Canadian guitarist Liona Boyd is a fan of MP3.com. She makes her CDs available for sale - and for online listening - on the popular U.S. Web site. But Universal Music Group, owned by Montreal-based Seagram Co., doesn't like MP3.com at all, and last week it got a federal judge in Manhattan to agree to the tune of $180 million or more.
At issue was an MP3.com service that let people register CDs they had already purchased, then listen to their music on any computer from digital copies stored on MP3.com's system. In the eyes of Universal, the world's biggest music company, those copies breached U.S. copyright law. Judge Jed Rakoff ordered MP3.com to pay $37,000 for each Universal CD in its library. Lawyers for MP3.com warned that so severe a penalty would be a "death sentence" for the San Diego-based company. Recording industry spokesmen crowed that it would deal a body blow to illegal music on the Web.
In fact, neither MP3.com nor the flourishing trade in unlicensed online music - often downloaded to portable players for easy access - are in danger of fading away any time soon. MP3.com promptly appealed Rakoff's verdict - postponing its effect for months, perhaps years, of legal wrangling. Meanwhile, subversive new software promises to render Universal's victory as hollow as several other recent verdicts upholding entertainment giants against smaller rivals. Still, when it comes to trading digital music and movies, Rakoff's ruling may help draw the line in the cyber-sand between what is legal commerce and what is rampant piracy.
MP3.com had already effectively conceded the merit of Universal's case. In out-of-court settlements earlier this year, the company agreed to pay four other music labels an estimated $30 million apiece to settle similar claims. According to analysts, Universal's lawyers convinced senior executives to hold out for a richer court-ordered judgment. In the event, Universal was awarded less than the $66,600 per CD it sought, but far more than the $740 MP3.com claimed, to wide disbelief, was the most it could afford. Rakoff's court reconvenes in November to determine how many CDs the penalty will cover. Universal maintains MP3.com has copied as many as 10,000 of its titles. The start-up says the number is below 5,000.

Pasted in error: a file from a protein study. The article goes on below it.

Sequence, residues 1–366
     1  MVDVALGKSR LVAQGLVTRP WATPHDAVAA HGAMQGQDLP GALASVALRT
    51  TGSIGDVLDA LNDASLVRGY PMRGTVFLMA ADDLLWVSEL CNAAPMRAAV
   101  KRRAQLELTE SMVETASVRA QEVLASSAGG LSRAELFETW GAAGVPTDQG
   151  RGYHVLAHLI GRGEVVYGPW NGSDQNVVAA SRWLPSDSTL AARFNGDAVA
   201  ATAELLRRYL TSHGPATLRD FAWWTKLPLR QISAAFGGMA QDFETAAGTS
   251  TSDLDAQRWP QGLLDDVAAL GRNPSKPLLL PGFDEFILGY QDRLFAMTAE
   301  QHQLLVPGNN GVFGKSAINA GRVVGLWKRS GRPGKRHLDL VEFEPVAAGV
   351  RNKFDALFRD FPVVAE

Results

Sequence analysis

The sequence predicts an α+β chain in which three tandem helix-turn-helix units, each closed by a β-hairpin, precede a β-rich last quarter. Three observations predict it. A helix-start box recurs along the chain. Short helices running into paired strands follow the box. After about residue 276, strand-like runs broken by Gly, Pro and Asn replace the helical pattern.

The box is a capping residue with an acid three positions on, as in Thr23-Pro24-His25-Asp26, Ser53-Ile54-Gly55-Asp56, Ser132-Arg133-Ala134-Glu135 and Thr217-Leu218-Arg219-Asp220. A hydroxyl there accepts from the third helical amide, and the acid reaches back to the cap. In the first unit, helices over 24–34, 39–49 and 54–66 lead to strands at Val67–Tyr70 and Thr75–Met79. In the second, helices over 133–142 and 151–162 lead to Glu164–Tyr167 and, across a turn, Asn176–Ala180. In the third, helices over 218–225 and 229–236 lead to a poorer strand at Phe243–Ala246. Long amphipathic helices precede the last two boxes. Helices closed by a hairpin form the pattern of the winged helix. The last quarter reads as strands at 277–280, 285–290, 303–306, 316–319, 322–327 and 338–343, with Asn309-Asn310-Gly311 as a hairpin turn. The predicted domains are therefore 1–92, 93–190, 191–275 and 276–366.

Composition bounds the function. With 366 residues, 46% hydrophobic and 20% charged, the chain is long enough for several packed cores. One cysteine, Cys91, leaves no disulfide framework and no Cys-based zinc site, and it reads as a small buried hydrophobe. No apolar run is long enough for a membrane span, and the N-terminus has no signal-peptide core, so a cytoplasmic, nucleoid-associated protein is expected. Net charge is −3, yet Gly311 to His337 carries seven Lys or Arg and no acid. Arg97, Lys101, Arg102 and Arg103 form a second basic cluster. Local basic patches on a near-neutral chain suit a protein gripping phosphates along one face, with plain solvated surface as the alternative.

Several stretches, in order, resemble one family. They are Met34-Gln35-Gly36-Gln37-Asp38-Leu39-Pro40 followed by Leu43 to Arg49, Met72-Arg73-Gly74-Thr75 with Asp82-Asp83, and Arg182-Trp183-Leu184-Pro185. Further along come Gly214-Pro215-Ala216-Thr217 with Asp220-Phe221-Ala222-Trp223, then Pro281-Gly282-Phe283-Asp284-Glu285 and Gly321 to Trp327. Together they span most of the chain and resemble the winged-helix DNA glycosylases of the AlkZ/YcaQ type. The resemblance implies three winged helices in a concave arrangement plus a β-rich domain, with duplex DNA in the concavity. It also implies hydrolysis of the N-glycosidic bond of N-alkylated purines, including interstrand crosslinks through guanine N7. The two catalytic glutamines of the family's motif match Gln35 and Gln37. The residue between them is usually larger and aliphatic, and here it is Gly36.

Whatever the final amount, the penalty shows the chilly climate facing e-commerce trailblazers who run too far ahead of the law. In July, Napster, the hugely popular software for sharing music files in the MP3 audio format, barely escaped its own death sentence. A San Francisco judge ordered the Redwood City, Calif., company to shutter its Web site after the Recording Industry Association of America sued it for copyright violations. Napster won a stay of execution pending an appeal. But San Francisco-based Scour.com, whose software lets users swap movies as well as music, was on the brink of folding last week due to an industry lawsuit. "We've turned a page," declared Brian Robertson, president of the Canadian Recording Industry Association. "The guillotine is coming down on the whole system for furthering the theft of sound recordings."
Even so, the corporate blade is unlikely to stem the torrent of unlicensed music and movies that individuals are swapping online. In Napster's wake have come dozens of imitators. Some programs, like Gnutella, give industry lawyers little to target. Instead of relying on dedicated server computers, as Napster does, so-called "dispersed" engines allow direct communications between individual users' machines. "There is no company to sue," boasts a Gnutella fan site. "It is virtually unstoppable."
Gary Bourgeois agrees. Director of new media at the Vancouver Film School and member of a progressive rock quartet, Bourgeois says: "I don't see any way copying can be prevented." And he's happy about it. Internet file-sharing software, he explains, has helped niche bands like his. "Our biggest problem," he says, "is how do people find us. We love this." It was one more reason for executives at Universal - and other giants - to hold off singing any songs of triumph.
Maclean's September 18, 2000